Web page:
Guided by the perspective that prosecutors seek to avoid uncertainty when making decisions to pursue criminal prosecution, this study examined how human trafficking crimes are indicted under newly defined state laws.
In an effort to combat human trafficking, the federal government and all 50 states passed new laws that criminalize human trafficking and support the identification and prosecution of human trafficking perpetrators. Despite the passage of these laws, however, only a small number of human trafficking cases have been prosecuted in the last 15 years. In examining reasons for this, the current study used a sample of cases from 12 U.S. counties and interviews with police, prosecutors, and court personnel in examining the factors that influence the decision to prosecute in state courts crimes investigated as human trafficking. The findings of this research assist in explaining why so few human trafficking cases are prosecuted and why human trafficking suspects are rarely convicted of trafficking offenses. (publisher abstract modified) 25517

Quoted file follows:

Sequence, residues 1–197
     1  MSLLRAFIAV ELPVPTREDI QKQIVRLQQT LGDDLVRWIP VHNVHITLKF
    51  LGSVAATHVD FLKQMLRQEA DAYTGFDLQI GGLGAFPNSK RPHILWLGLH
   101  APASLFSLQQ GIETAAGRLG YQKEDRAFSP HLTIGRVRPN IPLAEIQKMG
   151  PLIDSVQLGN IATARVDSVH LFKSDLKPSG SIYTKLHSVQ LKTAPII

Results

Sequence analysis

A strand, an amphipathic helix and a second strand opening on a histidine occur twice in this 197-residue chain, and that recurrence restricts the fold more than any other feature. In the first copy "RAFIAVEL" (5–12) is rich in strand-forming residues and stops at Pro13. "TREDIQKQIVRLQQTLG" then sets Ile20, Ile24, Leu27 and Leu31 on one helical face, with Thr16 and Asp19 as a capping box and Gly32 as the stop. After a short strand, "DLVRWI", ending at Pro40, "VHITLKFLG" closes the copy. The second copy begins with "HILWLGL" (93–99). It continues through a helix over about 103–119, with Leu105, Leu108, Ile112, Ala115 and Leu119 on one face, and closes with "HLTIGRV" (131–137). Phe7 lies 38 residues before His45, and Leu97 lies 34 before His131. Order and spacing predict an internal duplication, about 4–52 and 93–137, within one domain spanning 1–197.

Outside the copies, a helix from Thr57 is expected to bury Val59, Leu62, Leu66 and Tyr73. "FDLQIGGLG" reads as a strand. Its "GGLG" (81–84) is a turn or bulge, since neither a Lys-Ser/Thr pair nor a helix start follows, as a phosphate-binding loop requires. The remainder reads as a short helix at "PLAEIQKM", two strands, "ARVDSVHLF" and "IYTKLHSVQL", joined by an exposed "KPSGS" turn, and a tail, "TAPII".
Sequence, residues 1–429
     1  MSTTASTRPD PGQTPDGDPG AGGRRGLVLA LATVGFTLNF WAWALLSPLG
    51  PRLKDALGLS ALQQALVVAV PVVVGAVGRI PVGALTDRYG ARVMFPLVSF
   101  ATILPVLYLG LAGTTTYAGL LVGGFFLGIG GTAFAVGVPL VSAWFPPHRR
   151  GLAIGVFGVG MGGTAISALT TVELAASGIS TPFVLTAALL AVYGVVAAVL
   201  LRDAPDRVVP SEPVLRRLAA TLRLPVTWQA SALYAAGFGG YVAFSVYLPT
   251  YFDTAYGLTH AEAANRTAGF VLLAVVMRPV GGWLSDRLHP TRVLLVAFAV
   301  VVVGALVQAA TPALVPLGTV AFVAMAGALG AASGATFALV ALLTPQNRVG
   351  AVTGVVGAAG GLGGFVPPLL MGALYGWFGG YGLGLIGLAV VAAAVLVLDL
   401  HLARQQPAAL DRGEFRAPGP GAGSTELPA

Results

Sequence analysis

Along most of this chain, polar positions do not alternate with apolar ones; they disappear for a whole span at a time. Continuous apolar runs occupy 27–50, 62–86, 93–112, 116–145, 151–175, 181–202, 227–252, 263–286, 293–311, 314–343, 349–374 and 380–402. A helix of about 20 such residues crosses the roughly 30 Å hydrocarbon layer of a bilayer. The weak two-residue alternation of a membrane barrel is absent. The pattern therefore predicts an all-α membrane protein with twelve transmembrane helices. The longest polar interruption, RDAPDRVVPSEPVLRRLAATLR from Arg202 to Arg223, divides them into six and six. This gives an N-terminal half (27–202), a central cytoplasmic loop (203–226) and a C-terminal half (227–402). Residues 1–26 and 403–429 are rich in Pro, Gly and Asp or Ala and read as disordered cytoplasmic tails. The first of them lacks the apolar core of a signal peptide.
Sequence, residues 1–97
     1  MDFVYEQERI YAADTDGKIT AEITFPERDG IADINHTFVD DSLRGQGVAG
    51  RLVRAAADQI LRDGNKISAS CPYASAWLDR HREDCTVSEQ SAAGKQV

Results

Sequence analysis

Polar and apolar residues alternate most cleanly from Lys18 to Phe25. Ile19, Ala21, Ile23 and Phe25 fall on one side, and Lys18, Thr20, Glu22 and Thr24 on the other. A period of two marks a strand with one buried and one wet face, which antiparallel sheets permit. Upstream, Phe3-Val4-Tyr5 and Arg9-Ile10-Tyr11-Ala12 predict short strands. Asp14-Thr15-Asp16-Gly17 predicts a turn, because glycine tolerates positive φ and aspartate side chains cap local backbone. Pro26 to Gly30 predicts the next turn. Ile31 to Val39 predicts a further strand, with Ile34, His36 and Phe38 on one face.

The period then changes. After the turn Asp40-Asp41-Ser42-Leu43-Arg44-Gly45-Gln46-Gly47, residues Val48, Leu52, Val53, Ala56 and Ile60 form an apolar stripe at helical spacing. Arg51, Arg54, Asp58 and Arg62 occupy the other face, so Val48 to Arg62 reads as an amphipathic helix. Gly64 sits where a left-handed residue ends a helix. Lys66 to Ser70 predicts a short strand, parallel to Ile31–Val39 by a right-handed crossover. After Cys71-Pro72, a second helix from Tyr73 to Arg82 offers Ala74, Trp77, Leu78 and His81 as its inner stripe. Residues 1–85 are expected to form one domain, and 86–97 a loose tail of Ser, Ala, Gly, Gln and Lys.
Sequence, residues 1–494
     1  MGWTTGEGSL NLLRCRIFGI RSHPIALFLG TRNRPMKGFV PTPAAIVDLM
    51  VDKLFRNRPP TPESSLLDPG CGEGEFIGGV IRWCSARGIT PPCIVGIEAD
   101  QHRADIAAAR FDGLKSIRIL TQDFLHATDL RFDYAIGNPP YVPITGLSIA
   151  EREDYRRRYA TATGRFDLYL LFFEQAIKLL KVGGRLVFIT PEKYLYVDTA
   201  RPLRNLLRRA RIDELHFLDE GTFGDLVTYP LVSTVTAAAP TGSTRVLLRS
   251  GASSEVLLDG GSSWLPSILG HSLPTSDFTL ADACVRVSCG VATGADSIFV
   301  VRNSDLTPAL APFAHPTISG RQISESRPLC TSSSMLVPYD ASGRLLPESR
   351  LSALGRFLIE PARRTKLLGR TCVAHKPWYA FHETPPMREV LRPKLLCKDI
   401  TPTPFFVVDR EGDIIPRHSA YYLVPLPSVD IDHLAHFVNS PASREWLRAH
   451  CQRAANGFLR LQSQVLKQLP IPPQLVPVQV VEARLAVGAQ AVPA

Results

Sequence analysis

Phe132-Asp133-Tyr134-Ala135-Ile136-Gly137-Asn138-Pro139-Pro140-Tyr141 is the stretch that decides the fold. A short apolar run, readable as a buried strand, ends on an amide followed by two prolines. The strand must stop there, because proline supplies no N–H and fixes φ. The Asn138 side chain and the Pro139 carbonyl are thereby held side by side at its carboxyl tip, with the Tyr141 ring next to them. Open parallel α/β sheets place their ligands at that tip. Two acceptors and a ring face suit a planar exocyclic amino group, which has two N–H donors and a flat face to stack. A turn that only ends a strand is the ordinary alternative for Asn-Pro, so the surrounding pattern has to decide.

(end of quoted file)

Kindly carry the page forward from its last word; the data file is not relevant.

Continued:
- Effective Implementation of New Legislation in Crime Control in Bosnia and Herzegovina (From Policing in Central and Eastern Europe: Dilemmas of Contemporary Criminal Justice, P 472-489, 2004, Gorazd Mesko, et al., eds. -- See NCJ-207973)
- The Relationship of DNA Evidence to Prosecution Outcomes in Sexual Assault Cases
- Juror Comprehension of Forensic Expert Testimony: A Literature Review and Gap Analysis